But in conflict-affected areas, predominantly home to ethnic nationalities, voter disenfranchisement compounded these more general concerns. It is estimated that over 1.5 million people were prohibited from voting in the election due to voting cancellations announced several weeks before the elections. While most of those affected were in Rakhine State, approximately 70,000 voters are thought to have been affected by full or partial voting cancellations across 23 townships in Shan State.


In Rakhine State, the United League of Arakan (ULA) has called for by-elections to reinstate the democratic rights of roughly 1.2 million voters who were not allowed to participate in the general election earlier this month.

“Of course, in Shan State townships where people were unable to vote, we support the demand for a by-election too,” is the feedback from TWO staff. “The people in those areas have been denied the right to choose their representative and lost their right to a political voice.”


Even in areas like Lashio where voting went ahead, irregularities in the voting lists meant some eligible voters were unable to cast their vote on the day.


TWO women were among those prevented from voting by such errors. “When I went to vote on Sunday, my name was not on the list,” says a TWO Secretariat.


“I had been told by authorities to go to polling station [Lashio]-1, but even though I had supplied all my identity documents correctly, my name was missing from the list on the day. I don’t know why, but I was not able to vote.


“The same thing happened to another friend,” she adds, but says they have had no opportunity for recourse or explanation as to why they were denied their votes.


According to People’s Alliance for Credible Elections (PACE), roughly 30% of polling stations that were observed on election day had voter names missing from the electoral lists, though they were unable to provide an estimate of how many voters were affected across the country.


Political violence is only a small part of Northern Shan’s troubles


Concerns have been raised about the potential escalation of violence in NSS in the weeks following the general elections. On 16 November, gunmen shot at the house of Soe Tun, chair of the Kyaukme Township Electoral Commission, the same day that NLD candidate U Htike Zaw was declared for the Amothya Hluttaw/Upper House seat Kyaukme-1. Five days later, U Htike Zaw was fatally shot while working at his home shopfront. While the motives and perpetrators are currently unknown, potential sources of discontent have been raised in the media, including the partial cancellation of voting in Kyaukme, and the allegations of voting irregularities being claimed by the USDP.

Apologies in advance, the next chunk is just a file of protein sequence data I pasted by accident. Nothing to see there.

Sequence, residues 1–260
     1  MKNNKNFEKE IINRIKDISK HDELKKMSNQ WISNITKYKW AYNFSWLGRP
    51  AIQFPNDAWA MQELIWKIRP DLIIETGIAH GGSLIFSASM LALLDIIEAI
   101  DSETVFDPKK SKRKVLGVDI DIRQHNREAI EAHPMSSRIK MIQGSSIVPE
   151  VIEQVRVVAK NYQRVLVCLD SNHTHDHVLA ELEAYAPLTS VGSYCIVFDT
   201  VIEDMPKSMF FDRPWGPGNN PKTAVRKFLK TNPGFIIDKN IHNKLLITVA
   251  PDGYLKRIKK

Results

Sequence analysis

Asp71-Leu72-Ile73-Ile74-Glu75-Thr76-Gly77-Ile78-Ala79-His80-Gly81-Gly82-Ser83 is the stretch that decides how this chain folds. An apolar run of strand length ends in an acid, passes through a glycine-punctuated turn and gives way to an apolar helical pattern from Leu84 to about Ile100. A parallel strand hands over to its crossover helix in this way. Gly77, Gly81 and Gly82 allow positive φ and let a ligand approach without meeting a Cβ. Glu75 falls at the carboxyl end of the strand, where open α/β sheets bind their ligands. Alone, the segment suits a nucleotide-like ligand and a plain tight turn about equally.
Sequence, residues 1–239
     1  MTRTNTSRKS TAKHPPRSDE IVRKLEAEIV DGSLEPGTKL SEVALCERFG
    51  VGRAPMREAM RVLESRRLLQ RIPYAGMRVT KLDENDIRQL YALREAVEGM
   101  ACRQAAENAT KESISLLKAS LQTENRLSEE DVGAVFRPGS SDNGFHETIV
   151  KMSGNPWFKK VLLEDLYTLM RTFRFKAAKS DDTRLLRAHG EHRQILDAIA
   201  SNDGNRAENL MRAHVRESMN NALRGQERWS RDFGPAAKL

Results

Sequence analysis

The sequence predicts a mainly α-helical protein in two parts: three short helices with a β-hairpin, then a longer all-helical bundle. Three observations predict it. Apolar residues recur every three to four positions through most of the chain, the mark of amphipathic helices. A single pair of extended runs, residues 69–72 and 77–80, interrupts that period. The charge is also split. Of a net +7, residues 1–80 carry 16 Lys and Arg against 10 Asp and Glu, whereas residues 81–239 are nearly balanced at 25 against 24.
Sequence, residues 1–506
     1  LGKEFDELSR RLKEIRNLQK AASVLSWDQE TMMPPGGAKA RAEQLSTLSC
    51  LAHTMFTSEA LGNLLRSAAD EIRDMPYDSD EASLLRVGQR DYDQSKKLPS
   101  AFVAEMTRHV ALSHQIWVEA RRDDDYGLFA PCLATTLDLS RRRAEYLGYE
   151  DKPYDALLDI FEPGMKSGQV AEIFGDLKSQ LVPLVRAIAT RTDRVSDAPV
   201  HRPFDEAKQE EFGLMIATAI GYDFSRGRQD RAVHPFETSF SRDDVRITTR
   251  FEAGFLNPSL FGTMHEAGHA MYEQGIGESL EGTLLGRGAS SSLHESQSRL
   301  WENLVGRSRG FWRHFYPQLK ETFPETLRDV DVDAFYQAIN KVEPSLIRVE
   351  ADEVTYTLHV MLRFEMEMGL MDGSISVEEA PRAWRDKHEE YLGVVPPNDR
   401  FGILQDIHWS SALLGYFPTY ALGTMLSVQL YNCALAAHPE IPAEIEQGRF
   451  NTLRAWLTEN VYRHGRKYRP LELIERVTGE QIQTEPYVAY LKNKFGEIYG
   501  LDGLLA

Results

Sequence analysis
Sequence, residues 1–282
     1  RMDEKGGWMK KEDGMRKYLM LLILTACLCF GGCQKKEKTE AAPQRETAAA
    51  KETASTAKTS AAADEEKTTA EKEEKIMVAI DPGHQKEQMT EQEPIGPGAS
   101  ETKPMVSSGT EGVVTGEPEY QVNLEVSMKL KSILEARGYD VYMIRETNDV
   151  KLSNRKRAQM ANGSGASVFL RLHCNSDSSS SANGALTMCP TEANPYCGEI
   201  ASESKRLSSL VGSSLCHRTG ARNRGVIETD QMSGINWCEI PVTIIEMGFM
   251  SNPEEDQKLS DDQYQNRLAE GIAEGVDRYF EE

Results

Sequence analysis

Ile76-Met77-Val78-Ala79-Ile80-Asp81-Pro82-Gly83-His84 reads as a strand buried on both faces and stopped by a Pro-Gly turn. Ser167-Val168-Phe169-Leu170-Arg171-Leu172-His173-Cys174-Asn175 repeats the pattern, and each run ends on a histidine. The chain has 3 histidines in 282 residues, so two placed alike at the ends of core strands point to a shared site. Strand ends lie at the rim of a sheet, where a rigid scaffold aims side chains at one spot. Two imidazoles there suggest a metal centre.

Ethnic armed groups and political parties have issued statements condemning the attack, and the NLD is urging authorities to find the perpetrators and bring them to justice. Unfortunately, justice has been a rare occurrence in NSS, and these attacks are only part of a much larger pattern of conflict and violence that the NLD has failed to condemn when the victims have been ethnic civilians. While it is important to demand justice for U Htike Zaw, the NLD must overturn their policy of silence regarding the large-scale human rights violations that have occurred under their watch, both in NSS and elsewhere.


Since the election, clashes between the TNLA [Ta’ang National Liberation Army] and the Tatmadaw have forced villages in Mogok Township, NSS, to flee their homes for nearby monasteries and shelters. Reports have also emerged of fighting in Muse between the Tatmadaw and Kachin Independence Army. Yet the NLD has failed to condemn these campaigns of fear and violence that continue to be waged against ethnic civilians.

“We want our area safe and peaceful,” say TWO’s Secretariat, expressing their distress at the reports of violence in recent days. Busy with their annual activities for the 16 Days of Activism against Gender-Based Violence, the impacts of conflict on Ta’ang women are front of mind.


While there remain questions over the security situation in the wake of the election, the NLD has pressed forward with their agenda for peace, even going so far as to request the cooperation of all 48 political parties in an official statement contemplating a “unity government”.


In response to the NLD’s request to work together toward a democratic federal union, TWO say that this will first require some relationship-mending with ethnic political parties.


“If the NLD really wants to work with ethnic parties towards peace, they first need to listen to the ethnic leaders and start negotiating how to redraft the Constitution, where some provisions are not working well for democracy or ethnic rights.


“At the same time, they need to negotiate the best way to end the conflict and move forward to real peace.”